How to Conduct a Productive Online Meeting With Your Remote Team
For many businesses all around the world, the shift to remote working happened pretty much overnight. And so it’s not surprising that many weren’t completely prepared – or even slightly prepared – for the vital changes that would need to be made to ensure a successful transition from the office to the home.
All of a sudden, the biggest priority for most organizations was building a world class remote team, and the truth is that a huge number of businesses have done this. They’ve been successful. But they’ve been successful through implementing emergency tactics that have focused almost exclusively on continuity.
While these tactics may have helped businesses survive, they haven’t always helped them to thrive. And as operations are now beginning to stabilise, thriving needs to become the new focus. It’s time to move away from crisis response towards greater levels of normality, and that means taking a look at how some processes can be adapted to maintain productivity in the longer term remote working environment.
Remote Meetings: A Growing Concern
Although there are a few team processes that may need to be adapted to help them align more closely with the needs and behaviours of a remote team, how teams conduct meetings is one of the most urgent issues. With so many video conferencing and other real time digital communication and collaboration tools available today, it’s easy to fall into the trap of thinking that holding a productive online meeting is simple. But the problem isn’t the availability of technology; it’s your remote team.
And that’s not being said in an accusatory way. Not at all. It’s being said in a way that acknowledges the gap between what teams need from meetings, and what online meetings are able to deliver. No matter what technology is used, virtual get-togethers will always have their limitations, which is why reports suggest that only 20% of employees prefer digital communications. But these limitations don’t have to be a sticking point. By adopting a new approach, it is possible to make online meetings just as productive as their face-to-face counterparts. So what are the best ways to make online meetings more valuable?
1. Be More Spontaneous
“There’s a temptation in our networked age to think that ideas can be developed by email and iChat. That’s crazy. Creativity comes from spontaneous meetings, from random discussions. You run into someone, you ask what they’re doing, you say ‘wow’ and soon you’re cooking up all sorts of ideas”.
That’s a meaningful quote in itself. But when you find out that those are the words of Steve Jobs – a person whose life was rooted in digital communications – it becomes even more important. Scheduled meetings don’t translate well to the remote working environment. They don’t allow for your team to think up and idea and run with it; they don’t allow your team to get the real time input that they need.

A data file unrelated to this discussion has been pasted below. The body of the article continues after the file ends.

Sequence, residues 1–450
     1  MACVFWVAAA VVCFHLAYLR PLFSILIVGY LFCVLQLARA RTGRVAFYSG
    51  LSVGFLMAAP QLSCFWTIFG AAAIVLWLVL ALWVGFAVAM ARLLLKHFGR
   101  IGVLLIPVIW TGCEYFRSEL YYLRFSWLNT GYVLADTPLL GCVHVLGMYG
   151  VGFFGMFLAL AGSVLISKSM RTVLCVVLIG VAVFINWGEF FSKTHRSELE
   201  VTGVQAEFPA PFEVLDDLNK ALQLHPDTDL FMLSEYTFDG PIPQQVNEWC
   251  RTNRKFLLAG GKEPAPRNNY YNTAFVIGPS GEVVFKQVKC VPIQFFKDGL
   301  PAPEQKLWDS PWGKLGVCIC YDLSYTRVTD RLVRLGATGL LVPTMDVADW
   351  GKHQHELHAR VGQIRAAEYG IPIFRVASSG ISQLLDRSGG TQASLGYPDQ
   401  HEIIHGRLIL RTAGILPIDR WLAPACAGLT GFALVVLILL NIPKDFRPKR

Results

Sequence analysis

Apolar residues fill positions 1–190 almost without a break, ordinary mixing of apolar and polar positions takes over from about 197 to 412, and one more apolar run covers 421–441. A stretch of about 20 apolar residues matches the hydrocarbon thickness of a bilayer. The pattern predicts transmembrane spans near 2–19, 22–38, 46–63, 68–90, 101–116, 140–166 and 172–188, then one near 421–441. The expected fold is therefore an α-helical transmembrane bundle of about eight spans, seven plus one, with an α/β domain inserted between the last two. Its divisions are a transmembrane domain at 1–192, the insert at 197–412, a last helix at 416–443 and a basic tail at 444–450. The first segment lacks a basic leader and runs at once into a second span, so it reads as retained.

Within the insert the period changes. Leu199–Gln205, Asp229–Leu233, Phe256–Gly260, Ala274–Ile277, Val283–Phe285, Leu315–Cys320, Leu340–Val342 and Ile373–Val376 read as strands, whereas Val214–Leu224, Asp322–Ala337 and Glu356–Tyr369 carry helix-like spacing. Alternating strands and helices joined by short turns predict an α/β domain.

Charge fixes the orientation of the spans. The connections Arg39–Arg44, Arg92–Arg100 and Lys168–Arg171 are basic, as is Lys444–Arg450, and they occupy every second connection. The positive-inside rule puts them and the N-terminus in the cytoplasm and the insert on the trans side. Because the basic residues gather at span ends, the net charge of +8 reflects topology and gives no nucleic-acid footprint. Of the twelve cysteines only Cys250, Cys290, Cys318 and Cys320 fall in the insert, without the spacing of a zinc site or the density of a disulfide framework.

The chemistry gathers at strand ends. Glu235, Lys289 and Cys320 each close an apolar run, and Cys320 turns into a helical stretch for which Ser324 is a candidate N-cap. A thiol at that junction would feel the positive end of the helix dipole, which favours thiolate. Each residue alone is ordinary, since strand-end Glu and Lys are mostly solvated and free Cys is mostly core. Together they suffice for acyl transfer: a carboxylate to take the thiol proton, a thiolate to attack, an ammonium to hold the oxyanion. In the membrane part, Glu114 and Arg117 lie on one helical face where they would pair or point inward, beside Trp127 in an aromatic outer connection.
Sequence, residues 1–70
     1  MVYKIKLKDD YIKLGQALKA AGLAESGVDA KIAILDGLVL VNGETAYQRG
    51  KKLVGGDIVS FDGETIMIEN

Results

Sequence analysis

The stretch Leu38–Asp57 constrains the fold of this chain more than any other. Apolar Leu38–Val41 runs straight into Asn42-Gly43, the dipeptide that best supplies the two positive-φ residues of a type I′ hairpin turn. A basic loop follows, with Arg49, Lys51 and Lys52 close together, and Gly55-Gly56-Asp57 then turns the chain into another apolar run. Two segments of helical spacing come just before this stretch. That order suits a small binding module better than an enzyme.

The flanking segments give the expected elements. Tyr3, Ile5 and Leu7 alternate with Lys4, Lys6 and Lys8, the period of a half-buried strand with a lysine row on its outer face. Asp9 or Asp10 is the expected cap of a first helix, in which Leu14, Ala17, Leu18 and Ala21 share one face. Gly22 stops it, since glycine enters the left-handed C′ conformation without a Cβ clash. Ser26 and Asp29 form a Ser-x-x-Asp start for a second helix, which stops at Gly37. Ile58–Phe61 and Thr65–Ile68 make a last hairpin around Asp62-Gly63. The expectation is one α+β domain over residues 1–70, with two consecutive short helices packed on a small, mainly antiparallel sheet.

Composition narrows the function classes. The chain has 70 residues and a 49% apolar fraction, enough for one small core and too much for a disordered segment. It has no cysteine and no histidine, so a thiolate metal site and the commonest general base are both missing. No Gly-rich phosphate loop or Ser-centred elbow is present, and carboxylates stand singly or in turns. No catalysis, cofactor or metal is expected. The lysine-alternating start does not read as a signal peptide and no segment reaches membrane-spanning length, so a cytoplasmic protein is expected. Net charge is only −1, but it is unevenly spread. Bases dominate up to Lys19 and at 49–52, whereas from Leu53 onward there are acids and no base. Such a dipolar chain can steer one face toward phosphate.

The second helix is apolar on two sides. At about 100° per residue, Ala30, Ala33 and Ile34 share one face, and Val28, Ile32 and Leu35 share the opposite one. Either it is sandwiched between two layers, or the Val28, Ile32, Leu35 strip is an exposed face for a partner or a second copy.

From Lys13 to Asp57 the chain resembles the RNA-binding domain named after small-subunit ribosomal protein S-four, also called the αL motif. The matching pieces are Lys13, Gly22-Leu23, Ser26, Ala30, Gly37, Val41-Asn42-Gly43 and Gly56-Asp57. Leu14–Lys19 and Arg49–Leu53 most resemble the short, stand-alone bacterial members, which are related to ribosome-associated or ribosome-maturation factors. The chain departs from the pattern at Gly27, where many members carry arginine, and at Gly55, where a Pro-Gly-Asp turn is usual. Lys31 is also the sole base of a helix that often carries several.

Long, scheduled meetings should be replaced with anytime opportunities for quickfire chat, replicating the water cooler discussions that happen organically in the office. However, the concern with introducing greater spontaneity into online meetings is that the situation could flip to the far end of the spectrum, resulting in spontaneous meetings where no one really knows what they’re supposed to be discussing.
While scheduling is no longer critical, planning is. In fact, planning is even more important in the remote world. Planning through spontaneity means that teams always have a broad idea of what needs to be discussed. Flexible, open ended planning models, such as a mind map and rico clusters, are crucial tools for planning and designing online meetings without re-introducing the strict limitations of scheduling.
2. Implement the Right Technology
One of the biggest factors hindering the productivity of online meetings with remote teams is undoubtedly the fact that teams aren’t physically together in the same place. But dial-in conference calls can address this issue, right? They can, but only to a certain extent. The problem is that it’s much harder to convey a message through words alone. Unspoken communications are more critical than you think.
Psychologist Albert Mehrabian once said that words accounted for just 7% of all communications. The former University of California professor believes that 38% of communications are made up of vocal tone, while 55% are made up of body language and physical behaviours. And so, if you’re relying on the use of conference calls for online meetings, you may not be getting the most value from your team.
Having the right technology in place is key to conducting productive online meetings. Video conferencing tools that allow for teams to break down the geographic barriers of dispersal and talk to each other, see each other, and collaborate in real time are absolutely vital. Research by Microsoft confirms that video helps people to connect better, and better connections in remote teams is what’s going to drive success.